A film which does succeed better in taking me back in time is “Khát Vọng Thăng Long” [This title has been translated as “Aspirations of Thăng Long” and “The Prince and the Pagoda Boy”].

Although the presentation of this movie in its trailer (and that is all I’ve seen) is very much influenced by Hollywood, and while the martial arts scenes will make people think of modern “Chinese” films, the colors, costumes and scenery in this movie do not look as fake as those in “Lý Công Uẩn—Đường tới thành Thăng Long.”

That said, the costumes in this movie are still not as realistic as they could be. When I heard years ago that films about Lý Công Uẩn were being made, I wondered if anyone would consult historical texts to find information about what people looked like at that time.

One extremely valuable work is a record which, Chen Fu (also known as Chen Gangzong), an envoy from the Yuan Dynasty court, compiled after visiting Đại Việt in 1293.

This work records that men at that time all shaved their heads. Indeed, it said that “the people are all monks.” The only individuals who covered their heads were officials, who wrapped a blue/green (thanh 青) turban around their heads.

In this respect, Khát Vọng Thăng Long is somewhat accurate in the turbans that it has officials wearing. But if when Chen Fu said about the late thirteenth century applied to the period around the founding of the Lý Dynasty then under that turban we should not see any hair.

On this question of hair, Lê Quý Đôn recorded in his Kiến văn tiểu lục that the Ming Dynasty official, Huang Fu, banned the cutting of hair, and that it was therefore only from the early fifteenth century that men let their hair grow long.

In 1293, Chen Fu also recorded that people went barefoot, and that the skin on their feet was very thick. He also said that men and women bathed together in the same river (that scene would have to appear in a Hollywood movie!).

Chen Fu also recorded that slaves had tattoos on their foreheads which indicated who they belonged too, such as “quan trung khách” (官中客) to indicate that they belonged to an official.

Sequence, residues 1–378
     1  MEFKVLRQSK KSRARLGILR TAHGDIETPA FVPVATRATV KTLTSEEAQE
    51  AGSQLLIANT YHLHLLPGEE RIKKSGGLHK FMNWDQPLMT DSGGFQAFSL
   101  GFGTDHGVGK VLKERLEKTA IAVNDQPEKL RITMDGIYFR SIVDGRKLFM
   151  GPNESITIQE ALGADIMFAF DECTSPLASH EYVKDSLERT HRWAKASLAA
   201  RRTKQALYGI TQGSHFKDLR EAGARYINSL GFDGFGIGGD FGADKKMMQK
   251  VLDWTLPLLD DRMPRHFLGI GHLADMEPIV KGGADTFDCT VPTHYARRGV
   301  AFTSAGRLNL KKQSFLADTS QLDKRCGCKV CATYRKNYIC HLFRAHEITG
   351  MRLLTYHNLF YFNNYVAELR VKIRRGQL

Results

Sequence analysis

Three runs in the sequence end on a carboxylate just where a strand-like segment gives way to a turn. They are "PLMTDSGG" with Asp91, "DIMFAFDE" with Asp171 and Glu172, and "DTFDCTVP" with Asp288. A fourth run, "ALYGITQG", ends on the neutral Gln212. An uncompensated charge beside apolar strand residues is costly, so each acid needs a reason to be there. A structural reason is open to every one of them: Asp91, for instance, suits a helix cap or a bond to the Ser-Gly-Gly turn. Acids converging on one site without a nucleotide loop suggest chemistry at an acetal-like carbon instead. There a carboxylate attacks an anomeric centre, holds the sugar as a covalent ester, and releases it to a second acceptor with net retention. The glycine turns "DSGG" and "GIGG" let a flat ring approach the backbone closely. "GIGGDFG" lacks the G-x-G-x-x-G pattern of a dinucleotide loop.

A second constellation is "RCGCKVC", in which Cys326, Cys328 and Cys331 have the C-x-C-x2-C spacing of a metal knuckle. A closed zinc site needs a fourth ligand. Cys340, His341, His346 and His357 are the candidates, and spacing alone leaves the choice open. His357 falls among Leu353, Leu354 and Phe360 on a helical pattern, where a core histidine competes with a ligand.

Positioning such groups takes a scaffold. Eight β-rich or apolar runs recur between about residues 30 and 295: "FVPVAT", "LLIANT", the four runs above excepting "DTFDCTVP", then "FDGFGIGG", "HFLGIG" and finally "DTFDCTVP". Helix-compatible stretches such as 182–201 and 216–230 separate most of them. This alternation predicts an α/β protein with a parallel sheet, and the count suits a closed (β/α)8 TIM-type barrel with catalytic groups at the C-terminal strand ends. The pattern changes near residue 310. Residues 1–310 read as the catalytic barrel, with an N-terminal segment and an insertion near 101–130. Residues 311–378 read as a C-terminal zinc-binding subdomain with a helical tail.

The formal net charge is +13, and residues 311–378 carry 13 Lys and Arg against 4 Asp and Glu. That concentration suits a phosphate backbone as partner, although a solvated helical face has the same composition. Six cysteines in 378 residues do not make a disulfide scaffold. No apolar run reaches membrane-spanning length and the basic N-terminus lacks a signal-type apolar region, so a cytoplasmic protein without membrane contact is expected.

Finally, Chen Fu said that men and women both wore clothes that were black.

So while Khát Vọng Thăng Long does seem to do a better job at capturing the past than the TV series Lý Công Uẩn—Đường tới thành Thăng Long, there is more that could be done. Nonetheless, it looks like this movie does succeed in taking its viewers to someplace other than an artificial movie set.

And on the issue of these films being too “Chinese,” again, the elite in the Red River Delta at the time of Lý Công Uẩn shared a great deal with the elite in areas to their north, particularly culture and religion, but even blood. Making a movie that depicts a land that was completely unique would be just as problematic as making it “too Chinese.”

The best solution is just to aim for historical accuracy. But of course it’s also a good idea to add a sexy river bathing scene (Hollywood style) so that people will buy tickets to watch. Or even better, do it Bollywood style with lots of young men and maidens singing and dancing as they frolic in the water. . .

Felling Lizards in Medieval Vietnam

Aren’t Buddhists not supposed to harm living things? Isn’t that one of the most basic concepts of Buddhism?

That’s what I thought anyway. Then I read the following passage about the medieval Vietnamese zen master Giác Hải in the Lĩnh Nam chích quái:

“During the time of Lý Nhân Tông [1066-1127 C.E.], [Giác Hải] and Daoist adept Thông Huyền were summoned to Lương Thạch Temple in Liên Mộng to attend to [the emperor]. Suddenly [two] lizards began to shriek at each other, making a sound that grated on one’s ears. The emperor ordered Huyền to stop them. Huyền uttered an incantation under his breath, and this felled the first. The emperor laughed and said to the master [i.e., Giác Hải], “That leaves one for the monk.” The master uttered an incantation at it, and after a short while it also fell. The emperor found this to be extraordinary and composed a poem which went,

The heart of Giác Hải is [vast] like the sea,

The way of Thông Huyền is abstruse.

Their supernatural powers able to bring about transformations,

One is a Buddha, the other an immortal.

Because of this, the master’s fame quickly spread across All Under Heaven. Monks and commoners relied on him.”

Ok, so I guess we don’t have definite evidence that Giác Hải actually “harmed” the lizard. Maybe he just put it to sleep for a while. . . Then again, maybe not. . . Hmmm. . .

李仁宗時,常與通玄真人召入蓮甕涼石寺侍坐。忽有蛤蚧對嗚,聒耳可惡。帝命玄止之,玄默咒,先墜其一。帝笑謂師曰:「尚留一個與沙門。」師呪之,少頃一個亦墜。帝異之,作詩曰:「覺海心如海,通玄道亦玄。神通能變化,一佛一神仙。」師由是聲名馳於天下,僧俗倾向。

Thời Lý Nhân Tông, sư thường cùng Thông Huyền chân nhân được triệu vào ngồi hầu trong chùa Lương Thạch ở Liên Mộng. Bỗng có đôi tắc kè gọi nhau, nhức tai điếc óc. Vua truyền Thông Huyền ngăn nó lại, Huyền lặng nhẩm thần chú, một con rơi xuống trước. Vua cười bảo: “Hãy còn một con xin để nhường nhà sư.” Sư đọc thần chú, trong nháy mắt con còn lại cũng rơi xuống nốt. Vua kinh lạ, làm thơ rằng:

Giác Hải tâm như hải,

Thông Huyền đạo diệc huyền.

Thần thông năng biến hóa,

Nhất Phật, nhất thần tiên.

Từ đó danh tiếng sư vang động thiên hạ, các vị tăng cùng kẻ tục đều dốc lòng tin theo.